As usual, the critics were divided over Daniel Libeskind’s presentation. The skewed asymmetrical lines of his Spiral routine grated on traditionalists, who felt it lacked the grace and fluidity of traditional floor routines. They likened Libeskind’s performance to a pile of boxes tumbling – an accolade that would flatter few gymnasts.
Libeskind’s iconoclastic presentation contrasted starkly with the purist technique of that great all-rounder Lord Foster, who drew gasps of admiration for his daring-yet-graceful bridge vault over the Thames but dropped points when he wobbled on landing.
But where Foster was elegant and efficient, Libeskind was all elbows: leaning this way and that, he always looked like he was about to fall over. Yet he never did, thanks no doubt to rigorous sessions perfecting the technical aspects of his routine with Ove Arup & Partners’ Cecil Balmond.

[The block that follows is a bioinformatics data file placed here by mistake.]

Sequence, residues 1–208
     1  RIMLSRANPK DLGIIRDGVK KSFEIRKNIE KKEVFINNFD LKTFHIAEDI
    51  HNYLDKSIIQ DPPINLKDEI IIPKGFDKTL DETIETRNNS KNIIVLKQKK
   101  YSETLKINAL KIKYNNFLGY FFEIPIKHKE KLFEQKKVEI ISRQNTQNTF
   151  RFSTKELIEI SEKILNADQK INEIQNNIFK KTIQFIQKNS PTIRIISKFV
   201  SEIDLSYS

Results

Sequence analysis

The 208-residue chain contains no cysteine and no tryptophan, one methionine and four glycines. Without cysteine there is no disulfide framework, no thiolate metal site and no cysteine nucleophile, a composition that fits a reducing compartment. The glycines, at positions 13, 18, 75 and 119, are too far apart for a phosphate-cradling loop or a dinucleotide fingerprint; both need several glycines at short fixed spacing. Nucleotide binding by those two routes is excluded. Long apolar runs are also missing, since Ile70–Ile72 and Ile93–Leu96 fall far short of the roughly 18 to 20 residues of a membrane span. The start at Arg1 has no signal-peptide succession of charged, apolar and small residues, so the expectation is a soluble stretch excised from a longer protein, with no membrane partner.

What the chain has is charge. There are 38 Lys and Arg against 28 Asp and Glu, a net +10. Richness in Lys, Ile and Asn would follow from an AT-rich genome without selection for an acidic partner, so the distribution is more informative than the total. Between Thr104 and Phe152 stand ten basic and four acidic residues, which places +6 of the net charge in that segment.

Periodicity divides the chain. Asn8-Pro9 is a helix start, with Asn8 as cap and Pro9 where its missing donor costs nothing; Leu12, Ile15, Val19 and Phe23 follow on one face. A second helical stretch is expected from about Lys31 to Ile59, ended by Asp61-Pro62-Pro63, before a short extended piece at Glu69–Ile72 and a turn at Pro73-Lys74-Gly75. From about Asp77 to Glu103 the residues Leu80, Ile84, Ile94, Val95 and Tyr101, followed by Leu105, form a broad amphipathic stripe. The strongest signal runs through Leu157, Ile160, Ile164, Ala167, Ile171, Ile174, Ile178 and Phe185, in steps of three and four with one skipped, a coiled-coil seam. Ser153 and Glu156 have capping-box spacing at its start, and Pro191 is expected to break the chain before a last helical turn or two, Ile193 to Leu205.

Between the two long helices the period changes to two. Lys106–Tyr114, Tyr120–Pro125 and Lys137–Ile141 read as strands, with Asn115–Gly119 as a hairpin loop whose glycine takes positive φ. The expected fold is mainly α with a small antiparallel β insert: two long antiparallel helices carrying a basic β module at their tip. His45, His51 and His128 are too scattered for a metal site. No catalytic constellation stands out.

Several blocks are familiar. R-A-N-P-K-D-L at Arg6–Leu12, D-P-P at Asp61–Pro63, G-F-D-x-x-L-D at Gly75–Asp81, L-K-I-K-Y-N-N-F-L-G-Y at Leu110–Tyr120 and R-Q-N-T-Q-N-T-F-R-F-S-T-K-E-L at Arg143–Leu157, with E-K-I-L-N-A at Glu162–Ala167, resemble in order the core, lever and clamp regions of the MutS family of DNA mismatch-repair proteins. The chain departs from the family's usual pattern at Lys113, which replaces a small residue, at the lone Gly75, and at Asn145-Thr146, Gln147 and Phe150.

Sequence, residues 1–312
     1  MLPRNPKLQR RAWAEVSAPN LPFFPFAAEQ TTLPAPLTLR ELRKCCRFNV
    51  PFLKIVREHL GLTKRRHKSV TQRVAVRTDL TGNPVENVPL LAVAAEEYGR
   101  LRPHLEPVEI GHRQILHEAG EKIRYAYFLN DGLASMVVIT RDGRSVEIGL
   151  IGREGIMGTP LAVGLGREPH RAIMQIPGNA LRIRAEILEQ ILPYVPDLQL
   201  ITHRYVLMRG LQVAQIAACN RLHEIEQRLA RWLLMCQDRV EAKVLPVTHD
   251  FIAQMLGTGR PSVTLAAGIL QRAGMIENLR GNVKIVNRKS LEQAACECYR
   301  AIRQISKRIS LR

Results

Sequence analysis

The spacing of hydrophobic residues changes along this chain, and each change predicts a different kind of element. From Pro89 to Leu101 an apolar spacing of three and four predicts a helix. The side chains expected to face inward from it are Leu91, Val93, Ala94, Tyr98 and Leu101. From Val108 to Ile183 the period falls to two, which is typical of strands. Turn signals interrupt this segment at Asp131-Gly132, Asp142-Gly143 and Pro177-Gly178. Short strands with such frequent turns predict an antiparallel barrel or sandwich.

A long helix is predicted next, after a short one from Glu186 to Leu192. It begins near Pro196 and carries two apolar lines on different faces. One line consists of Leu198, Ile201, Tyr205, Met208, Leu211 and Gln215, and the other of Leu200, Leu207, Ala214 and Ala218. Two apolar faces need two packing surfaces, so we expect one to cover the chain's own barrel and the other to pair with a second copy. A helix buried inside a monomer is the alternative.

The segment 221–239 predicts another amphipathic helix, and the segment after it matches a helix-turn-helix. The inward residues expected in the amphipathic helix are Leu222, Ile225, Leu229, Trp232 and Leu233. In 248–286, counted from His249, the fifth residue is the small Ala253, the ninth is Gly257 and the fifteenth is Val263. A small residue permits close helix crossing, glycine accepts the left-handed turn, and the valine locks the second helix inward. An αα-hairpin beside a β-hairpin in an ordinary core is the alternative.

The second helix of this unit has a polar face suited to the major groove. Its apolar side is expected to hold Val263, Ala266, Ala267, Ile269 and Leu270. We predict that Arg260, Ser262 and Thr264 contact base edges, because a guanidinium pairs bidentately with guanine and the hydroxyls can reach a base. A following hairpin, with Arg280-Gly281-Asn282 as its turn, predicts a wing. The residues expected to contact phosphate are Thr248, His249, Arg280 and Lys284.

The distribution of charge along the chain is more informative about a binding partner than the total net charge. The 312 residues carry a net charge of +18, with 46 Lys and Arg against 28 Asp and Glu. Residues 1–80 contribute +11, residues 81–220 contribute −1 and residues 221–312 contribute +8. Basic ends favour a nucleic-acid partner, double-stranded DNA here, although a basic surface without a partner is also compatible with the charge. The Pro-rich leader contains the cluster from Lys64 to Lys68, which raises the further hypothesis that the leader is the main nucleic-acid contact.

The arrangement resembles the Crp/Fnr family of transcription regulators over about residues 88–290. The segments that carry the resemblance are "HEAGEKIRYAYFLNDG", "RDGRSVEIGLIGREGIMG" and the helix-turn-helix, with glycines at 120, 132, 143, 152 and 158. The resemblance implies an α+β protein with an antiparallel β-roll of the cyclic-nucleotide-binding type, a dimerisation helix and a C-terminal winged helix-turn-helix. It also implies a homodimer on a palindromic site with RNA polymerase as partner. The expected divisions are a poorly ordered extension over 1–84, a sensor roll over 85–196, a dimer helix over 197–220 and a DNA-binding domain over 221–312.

The crowd had never seen anything like it before, and they were divided on the aesthetic merits of Libeskind’s performance. Was it sublime or ridiculous? Some stood up to applaud the originality and daring of Libeskind’s agile, gravity-defying techniques, whereas others looked bemused and uncomprehending. Several stormed out in protest. But the judges were unanimously in favour of Libeskind. They may not have understood it, they may not have liked it, but they knew it was a work of genius all the same.